Cubs

MLB suspends Willson Contreras for two games after ejection; appeal filed

MLB suspends Willson Contreras for two games after ejection; appeal filed

Willson Contreras is facing a two-game suspension from Major League Baseball for his actions Friday at Wrigley Field.

Contreras filed an appeal and he is in the lineup Saturday for an important game against the St. Louis Cardinals. Depending on how long the MLB takes to process the appeal, Contreras may also be able to play in Sunday's game.

"We'll just wait for the appeal to work its way through," Cubs manager Joe Maddon said. "We haven't decided anything beyond that. We'll abide by that, try to figure it out and make the best of it."

The young catcher was thrown out of Friday's game in the fifth inning after he and John Lackey exploded on home plate umpire Jordan Baker following a blown strike three call. 

Immediately after the call, Cardinals pitcher Carlos Martinez lined an RBI single to right center to give St. Louis a 2-1 lead. 

As Lackey ran in to cover home on the play, he was thrown out. Contreras was thrown out a few seconds later and slammed his catcher's mask down in frustration. The mask bounced and hit Baker, which Contreras insisted was accidental and apologized for after the game.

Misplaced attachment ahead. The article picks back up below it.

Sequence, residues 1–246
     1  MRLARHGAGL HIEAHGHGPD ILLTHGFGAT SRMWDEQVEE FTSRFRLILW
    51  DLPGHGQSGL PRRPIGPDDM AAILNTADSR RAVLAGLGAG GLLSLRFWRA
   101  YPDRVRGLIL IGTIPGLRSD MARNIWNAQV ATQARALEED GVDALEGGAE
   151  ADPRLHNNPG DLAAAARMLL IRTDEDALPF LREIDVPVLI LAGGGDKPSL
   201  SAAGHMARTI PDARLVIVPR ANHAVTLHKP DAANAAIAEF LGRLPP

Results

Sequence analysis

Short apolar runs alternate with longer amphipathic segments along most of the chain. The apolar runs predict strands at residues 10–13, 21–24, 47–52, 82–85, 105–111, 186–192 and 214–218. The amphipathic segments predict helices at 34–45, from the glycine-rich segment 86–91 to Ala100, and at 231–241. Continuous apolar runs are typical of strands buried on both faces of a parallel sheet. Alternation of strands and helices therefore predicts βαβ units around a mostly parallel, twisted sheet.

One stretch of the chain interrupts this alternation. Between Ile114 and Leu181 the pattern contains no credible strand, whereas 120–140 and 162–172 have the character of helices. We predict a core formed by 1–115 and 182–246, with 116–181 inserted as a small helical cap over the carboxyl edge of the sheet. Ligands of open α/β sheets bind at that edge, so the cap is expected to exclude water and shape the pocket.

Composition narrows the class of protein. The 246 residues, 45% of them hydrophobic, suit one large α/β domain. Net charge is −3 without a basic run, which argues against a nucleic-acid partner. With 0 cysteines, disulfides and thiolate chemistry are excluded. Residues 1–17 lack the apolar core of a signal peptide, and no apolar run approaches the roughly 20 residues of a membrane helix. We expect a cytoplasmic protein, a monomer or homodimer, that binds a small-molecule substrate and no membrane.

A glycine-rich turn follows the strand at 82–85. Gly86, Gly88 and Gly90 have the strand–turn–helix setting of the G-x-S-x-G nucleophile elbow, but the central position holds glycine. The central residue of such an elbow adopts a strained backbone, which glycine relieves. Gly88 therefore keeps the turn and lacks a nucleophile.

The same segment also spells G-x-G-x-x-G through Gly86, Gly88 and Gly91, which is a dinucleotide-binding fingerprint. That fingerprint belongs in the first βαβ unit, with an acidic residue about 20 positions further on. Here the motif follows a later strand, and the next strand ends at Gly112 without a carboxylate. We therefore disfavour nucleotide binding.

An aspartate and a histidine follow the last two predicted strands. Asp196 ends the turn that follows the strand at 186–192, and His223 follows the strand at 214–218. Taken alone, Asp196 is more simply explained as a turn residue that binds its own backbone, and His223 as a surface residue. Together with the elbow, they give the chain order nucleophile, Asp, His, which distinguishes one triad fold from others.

Does it help that Contreras was contrite about the incident after the game?

"I would hope so," Maddon said. "He was. Listen, he's a wonderful young man. He is emotional. We're all working on attempting to help him curb that a bit. But you don't want to take it all away either. That's a big part of why he's so good. That was a little bit difficult yesterday; I understand that. He does play with his hair on fire."

It was that mask incident that weighed heavily on the MLB's decision to suspend Contreras. He was also fined an undisclosed amount.

Lackey only received a fine and did not make contact with Baker at all.

Maddon and the Cubs are trying to reign in Contreras' emotional style a bit, but they also love the passion in which he plays the game, so they're not trying to go too far in the other direction and lose what makes him so good as a ballplayer. But moving forward, the Cubs know it's important Contreras picks his spots, especially given how important the relationship between catcher and home plate umpire is.

"You're a catcher man, you're working in front of these guys all the time," Maddon said. "Listen, I really believe you're gonna see a nice progression of him. He's still gonna get upset at times. But you're still gonna see a nice progression of him not go from 0-to-60 like that.

"Like I said though, there's a part of it I do like. Just the fact that he does play with that emotion, we love that. But there's a way to curb that a bit. I think as he gets older, he'll do that."